Review: Midnighter #10
In Midnighter #10, we finally get the long awaited showdown between Midnighter and the Suicide Squad as artist ACO provides some of his most fun layouts yet channeling late-90s bullet time as Deadshot and Midnighter match up. The issue isn’t all punching, kicking, shooting, and trash talk. (Steve Orlando’s dialogue is 90% various anti-heroes and villains trying to roast each other though, and it’s very entertaining.) There are also connections made between Midnighter and Amanda Waller, who admires her ability to turn terrible criminals for weapons to do something good and is especially impressed by the special nano collar that she uses for the Suicide Squad. By the end of the issue, Midnighter has truly proven himself to be the ultimate wildcard in a black ops war fought between Spyral, Task Force X, and even the God Garden for a chance to control the world’s superhumans. This is definitely the skeevy side of the DC Universe, and Midnighter is right at home along with his creative team of Orlando, ACO, Hugo Petrus (who takes penciler duties for half an issue), and colorist Romulo Fajardo, who brings the brutality with his reds.
Orlando makes a case for becoming the writer of the main Suicide Squad series once DC Rebirth rolls around in his writing of Amanda Waller’s character. She’s the queen of all opportunists, and her dressing down of Deadshot citing his low mission performance rate compared to the pre-cog Afterthought may be her finest moment in the New 52. Waller and Midnighter are definitely the proverbial irresistible force and immovable object. Even though he does bust out of her restraints, the so-called Suicide Squad B-team ends up being a better match for him, mostly thanks to Parasite’s absorbing/draining ability and Harley Quinn’s sheer craziness. However, Orlando and ACO give Midnighter a chance for payback for the blowhard Deadshot with his completely logical way of taking him out in the most painful way possible. (Hint: It has to do with the “tools” he uses to play with his favorite toy. Everything is a double entendre with Midnighter.)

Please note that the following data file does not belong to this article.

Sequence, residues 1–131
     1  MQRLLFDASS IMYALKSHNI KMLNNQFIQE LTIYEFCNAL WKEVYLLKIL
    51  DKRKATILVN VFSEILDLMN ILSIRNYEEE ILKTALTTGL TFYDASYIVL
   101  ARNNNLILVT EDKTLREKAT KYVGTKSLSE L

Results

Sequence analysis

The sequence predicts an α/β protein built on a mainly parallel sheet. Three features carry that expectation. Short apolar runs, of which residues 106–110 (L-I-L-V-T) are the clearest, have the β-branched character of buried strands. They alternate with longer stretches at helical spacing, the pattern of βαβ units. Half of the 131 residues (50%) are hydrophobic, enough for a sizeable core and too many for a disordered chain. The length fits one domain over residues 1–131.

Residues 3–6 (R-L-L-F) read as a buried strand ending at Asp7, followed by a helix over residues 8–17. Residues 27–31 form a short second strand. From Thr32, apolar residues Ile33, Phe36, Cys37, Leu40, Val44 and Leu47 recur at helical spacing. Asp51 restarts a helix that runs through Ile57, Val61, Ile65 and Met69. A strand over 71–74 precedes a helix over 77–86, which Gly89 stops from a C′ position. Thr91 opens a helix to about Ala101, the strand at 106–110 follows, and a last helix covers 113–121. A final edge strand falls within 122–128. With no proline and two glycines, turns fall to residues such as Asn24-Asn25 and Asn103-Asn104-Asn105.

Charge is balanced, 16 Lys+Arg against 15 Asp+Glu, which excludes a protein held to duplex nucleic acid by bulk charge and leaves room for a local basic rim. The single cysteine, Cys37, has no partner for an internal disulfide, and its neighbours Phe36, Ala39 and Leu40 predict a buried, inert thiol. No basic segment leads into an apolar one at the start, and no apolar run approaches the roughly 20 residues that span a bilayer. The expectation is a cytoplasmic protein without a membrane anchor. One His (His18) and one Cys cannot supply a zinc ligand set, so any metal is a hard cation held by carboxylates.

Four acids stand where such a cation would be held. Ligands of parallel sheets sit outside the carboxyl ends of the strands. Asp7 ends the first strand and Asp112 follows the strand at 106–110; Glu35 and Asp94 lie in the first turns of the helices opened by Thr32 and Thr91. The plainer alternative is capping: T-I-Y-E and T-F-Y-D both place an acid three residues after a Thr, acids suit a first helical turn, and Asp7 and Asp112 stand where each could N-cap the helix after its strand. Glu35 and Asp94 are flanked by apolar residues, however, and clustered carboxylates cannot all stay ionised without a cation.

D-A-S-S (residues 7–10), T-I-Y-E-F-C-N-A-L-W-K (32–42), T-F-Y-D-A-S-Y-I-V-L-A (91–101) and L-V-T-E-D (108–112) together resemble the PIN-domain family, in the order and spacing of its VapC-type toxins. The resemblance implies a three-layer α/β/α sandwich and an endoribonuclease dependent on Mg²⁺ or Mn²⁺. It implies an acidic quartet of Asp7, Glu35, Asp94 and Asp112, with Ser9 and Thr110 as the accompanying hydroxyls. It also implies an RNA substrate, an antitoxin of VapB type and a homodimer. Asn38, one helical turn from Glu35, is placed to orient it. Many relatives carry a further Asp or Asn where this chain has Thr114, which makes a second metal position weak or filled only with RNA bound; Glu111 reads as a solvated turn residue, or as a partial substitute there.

Deadshot’s reliance on firearms instead of hand to hand fighting or martial arts moves lets ACO play around with different grids and double page spreads in Midnighter #10. He creates a kind of “bullet time” effect with shots spraying in a pair of eight panel grids on the side of the page while Deadshot faces up against Midnighter and continues to insult him calling him an off-brand Batman even if only one of his rounds hits Midnighter. Letterer Tom Napolitano is truly the secret weapon on this issue, which is filled with shots blasting, bones cracking and even some hammer cracking once Harley Quinn joins the fray. His sound effects are emphatic and draw you into the action while complementing Fajardo’s colors, like orange for gunshots or yellow for hand to hand and finally red for the really painful stuff. If Midnighter was a film, Napolitano would be the sound editor and sound mixer, and he deserves an Oscar/Eisner for his work here.
Midnighter #10 puts the anti-hero in the middle of a kind of superhuman Cold War, and he must weigh his options in working for a variety of morally ambiguous or downright amoral organizations. He picks Spyral for now because they are his employer even if he lines up more ideologically with Amanda Waller. Just like Waller uses supervillains to accomplish good things in messy ways, Midnighter uses his God Garden enhancements to help people in extremely violent ways. Throw in some great humor from Midnighter and the Suicide Squad members, an intersecting narrative involving DC Universe black ops organization and a superhuman arms race, and detail studded pages from ACO and Hugo Petrus, and Midnighter #10 is a shining example of why this title is one of the best comics in the action genre. And it literally goes out with an orange bang courtesy of colorist Romulo Fajardo Jr.
Story: Steve Orlando Art: ACO and Hugo Petrus Colors: Romulo Fajardo Jr. Letters: Tom Napolitano
Story: 9 Art: 9 Overall: 9 Recommendation: Buy